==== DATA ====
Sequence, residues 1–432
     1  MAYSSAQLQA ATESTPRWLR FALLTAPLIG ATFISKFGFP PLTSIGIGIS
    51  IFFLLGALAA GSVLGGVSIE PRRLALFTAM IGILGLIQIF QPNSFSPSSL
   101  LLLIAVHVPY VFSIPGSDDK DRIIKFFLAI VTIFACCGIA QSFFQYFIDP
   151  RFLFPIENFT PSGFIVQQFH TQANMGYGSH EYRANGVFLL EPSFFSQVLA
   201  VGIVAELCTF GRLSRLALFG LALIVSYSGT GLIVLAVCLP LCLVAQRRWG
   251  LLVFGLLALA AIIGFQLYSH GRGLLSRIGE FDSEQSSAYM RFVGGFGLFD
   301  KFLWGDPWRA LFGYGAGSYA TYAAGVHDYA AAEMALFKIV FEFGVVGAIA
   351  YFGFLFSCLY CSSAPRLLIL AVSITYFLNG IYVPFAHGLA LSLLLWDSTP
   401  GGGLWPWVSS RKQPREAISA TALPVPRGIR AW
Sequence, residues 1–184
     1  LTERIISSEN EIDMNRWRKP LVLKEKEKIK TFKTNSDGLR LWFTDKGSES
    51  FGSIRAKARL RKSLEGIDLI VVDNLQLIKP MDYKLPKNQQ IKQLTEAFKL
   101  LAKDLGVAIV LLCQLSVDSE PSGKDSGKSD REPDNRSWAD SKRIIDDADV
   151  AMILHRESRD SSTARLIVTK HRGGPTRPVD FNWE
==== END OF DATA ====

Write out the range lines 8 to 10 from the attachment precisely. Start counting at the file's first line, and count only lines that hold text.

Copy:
   301  KFLWGDPWRA LFGYGAGSYA TYAAGVHDYA AAEMALFKIV FEFGVVGAIA
   351  YFGFLFSCLY CSSAPRLLIL AVSITYFLNG IYVPFAHGLA LSLLLWDSTP
   401  GGGLWPWVSS RKQPREAISA TALPVPRGIR AW